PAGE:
(WAFB) - Over 700 cases of hepatitis A were confirmed as part of an ongoing outbreak in Louisiana, numbers provided by the Louisiana Department of Health (LDH) show.
LDH documented 717 cases of hepatitis A since officials began tracking cases in January of 2018.
Of the 117 reported infections, five are not outbreak-related cases. Those five unrelated cases could be the result of infections happening outside of Louisiana.
WHERE ARE CASES BEING REPORTED?
The largest concentration of reported cases of the vaccine-preventable illness remains in Livingston Parish, with between 121 and 240 cases. East Baton Rouge and Ouachita parishes reported the second-highest concentration of cases, between 61 and 120.
The map above shows the number of cases tracked in each parish around the state.
WHAT THE NUMBERS SHOW
The hepatitis A outbreak in Louisiana has reached the highest number of cases in 20 years. In an average year, Louisiana has 10 to 15 cases of hepatitis A.
Of the tracked infections, 57 percent resulted in hospitalizations, according to LDH records. The ages of people infected range from 5 to 81 years old.
LDH has tracked two outbreak-related deaths.
WHAT IS HEPATITIS A?
Hepatitis A is a highly contagious liver infection caused by the hepatitis A virus. It is a vaccine-preventable illness that is easily spread through close contact, as well as from sharing injection and non-injection drugs.
Hepatitis A usually spreads when a person unknowingly ingests the virus from objects, food or drinks contaminated by small, undetected amounts of stool (feces) from an infected person. Hepatitis A can also spread from close personal contact with an infected person such as through sex or caring for someone who is ill.
An infected person can transmit the virus to others up to two weeks before symptoms appear, and even those who do not experience symptoms can transmit the virus to others.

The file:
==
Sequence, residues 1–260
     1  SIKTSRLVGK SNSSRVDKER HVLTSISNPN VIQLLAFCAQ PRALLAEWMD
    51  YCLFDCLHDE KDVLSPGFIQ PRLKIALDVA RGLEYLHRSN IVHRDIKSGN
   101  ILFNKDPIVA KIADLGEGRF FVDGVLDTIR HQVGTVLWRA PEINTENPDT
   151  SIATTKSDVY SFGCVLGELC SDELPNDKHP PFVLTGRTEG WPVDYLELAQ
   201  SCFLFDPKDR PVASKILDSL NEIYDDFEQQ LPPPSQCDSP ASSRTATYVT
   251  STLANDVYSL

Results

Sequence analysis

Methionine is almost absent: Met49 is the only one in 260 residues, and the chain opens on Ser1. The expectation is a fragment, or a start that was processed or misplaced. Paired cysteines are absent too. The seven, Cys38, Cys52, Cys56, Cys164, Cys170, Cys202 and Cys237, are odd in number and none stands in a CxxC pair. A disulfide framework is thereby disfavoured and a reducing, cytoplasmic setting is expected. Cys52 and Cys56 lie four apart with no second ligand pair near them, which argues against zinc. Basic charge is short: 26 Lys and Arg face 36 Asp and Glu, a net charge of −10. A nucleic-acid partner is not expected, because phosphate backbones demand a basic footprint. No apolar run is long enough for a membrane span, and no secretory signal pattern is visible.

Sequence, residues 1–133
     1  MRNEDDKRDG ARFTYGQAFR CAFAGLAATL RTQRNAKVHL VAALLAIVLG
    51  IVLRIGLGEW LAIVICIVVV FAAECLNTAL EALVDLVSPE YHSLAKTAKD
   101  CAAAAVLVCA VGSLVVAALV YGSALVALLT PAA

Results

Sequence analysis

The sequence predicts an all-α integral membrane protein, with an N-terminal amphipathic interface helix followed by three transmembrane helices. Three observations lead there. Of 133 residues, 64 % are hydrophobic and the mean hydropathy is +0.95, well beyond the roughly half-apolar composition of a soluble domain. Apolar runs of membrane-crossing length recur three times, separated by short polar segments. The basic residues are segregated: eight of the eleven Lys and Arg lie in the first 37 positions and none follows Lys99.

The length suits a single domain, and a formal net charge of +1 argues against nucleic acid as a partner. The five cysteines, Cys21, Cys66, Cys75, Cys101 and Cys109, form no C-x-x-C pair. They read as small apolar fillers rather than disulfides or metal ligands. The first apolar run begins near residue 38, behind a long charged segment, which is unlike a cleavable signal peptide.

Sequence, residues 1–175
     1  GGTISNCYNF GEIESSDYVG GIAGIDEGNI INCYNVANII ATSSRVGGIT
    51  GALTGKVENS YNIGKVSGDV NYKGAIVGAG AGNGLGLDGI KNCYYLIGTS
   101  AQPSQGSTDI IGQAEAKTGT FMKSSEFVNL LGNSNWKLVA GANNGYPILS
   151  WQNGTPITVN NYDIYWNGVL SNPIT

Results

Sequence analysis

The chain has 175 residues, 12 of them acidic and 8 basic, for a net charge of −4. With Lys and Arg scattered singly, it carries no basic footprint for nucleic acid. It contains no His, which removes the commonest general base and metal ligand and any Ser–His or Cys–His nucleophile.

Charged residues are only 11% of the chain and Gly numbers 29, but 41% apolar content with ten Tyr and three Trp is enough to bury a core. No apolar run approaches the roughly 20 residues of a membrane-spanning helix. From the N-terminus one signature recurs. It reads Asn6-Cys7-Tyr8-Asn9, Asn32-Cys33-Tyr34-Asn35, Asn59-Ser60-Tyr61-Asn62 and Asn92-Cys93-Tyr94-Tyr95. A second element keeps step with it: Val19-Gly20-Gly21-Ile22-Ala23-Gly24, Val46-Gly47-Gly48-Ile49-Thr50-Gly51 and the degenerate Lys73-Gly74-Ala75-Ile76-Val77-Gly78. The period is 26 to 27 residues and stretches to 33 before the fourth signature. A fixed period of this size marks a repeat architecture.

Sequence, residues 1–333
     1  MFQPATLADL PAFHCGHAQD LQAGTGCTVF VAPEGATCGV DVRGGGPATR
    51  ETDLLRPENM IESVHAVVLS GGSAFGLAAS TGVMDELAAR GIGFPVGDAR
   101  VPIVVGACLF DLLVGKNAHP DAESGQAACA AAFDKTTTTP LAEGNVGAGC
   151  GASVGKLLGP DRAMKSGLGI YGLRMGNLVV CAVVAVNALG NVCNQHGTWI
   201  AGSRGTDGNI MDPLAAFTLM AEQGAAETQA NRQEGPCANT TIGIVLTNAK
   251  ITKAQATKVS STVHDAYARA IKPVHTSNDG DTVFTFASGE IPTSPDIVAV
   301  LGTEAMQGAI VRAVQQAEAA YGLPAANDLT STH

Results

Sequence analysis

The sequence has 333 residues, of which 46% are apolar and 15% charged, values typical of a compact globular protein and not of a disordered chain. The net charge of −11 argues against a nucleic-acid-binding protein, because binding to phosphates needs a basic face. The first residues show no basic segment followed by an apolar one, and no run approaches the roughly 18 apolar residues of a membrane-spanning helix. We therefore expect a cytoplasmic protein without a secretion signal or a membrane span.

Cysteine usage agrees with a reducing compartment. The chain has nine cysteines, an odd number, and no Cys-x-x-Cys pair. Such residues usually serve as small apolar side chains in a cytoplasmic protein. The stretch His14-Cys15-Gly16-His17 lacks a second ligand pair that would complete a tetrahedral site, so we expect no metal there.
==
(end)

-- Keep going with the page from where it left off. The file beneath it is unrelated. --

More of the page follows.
Those at higher risk of getting the illness include travelers, pregnant women, people who inject drugs, and the homeless.
HEPATITIS A PREVENTION
The best way to prevent hepatitis A is through vaccination. Unvaccinated people who have been exposed recently (within two weeks) to the hepatitis A virus should get the hepatitis A vaccine or a shot of immune globulin to prevent severe illness.
Treatment for Hep A includes rest, fluids, adequate nutrition, and monitoring from a medical professional. The CDC recommends children aged 1 year and older and anyone traveling or who wants to have an extra layer or protection get the shot.
Click here for vaccination locations in Louisiana.
Hepatitis A can also be prevented through practicing good hand hygiene – including thoroughly washing hands after using the bathroom, changing diapers, and before preparing or eating food.
WHAT ARE THE SYMPTOMS OF HEPATITIS A?
Symptoms include fever, fatigue, loss of appetite, nausea, vomiting, abdominal pain, dark urine, clay-colored bowel movements, joint pain and jaundice (yellowing of the skin and eyes).
Most children younger than age 6 do not have symptoms when they have hepatitis A. If symptoms occur, they usually appear four weeks after exposure, but can occur as early as two weeks and as late as seven weeks after exposure.
Symptoms usually develop over a period of several days and last less than two months, although a small percentage of people (10-15 percent) can have symptoms for as long as six months.
Sometimes hepatitis A can cause liver failure and death, although this is rare and occurs more commonly in people older than 50 and people with other liver diseases.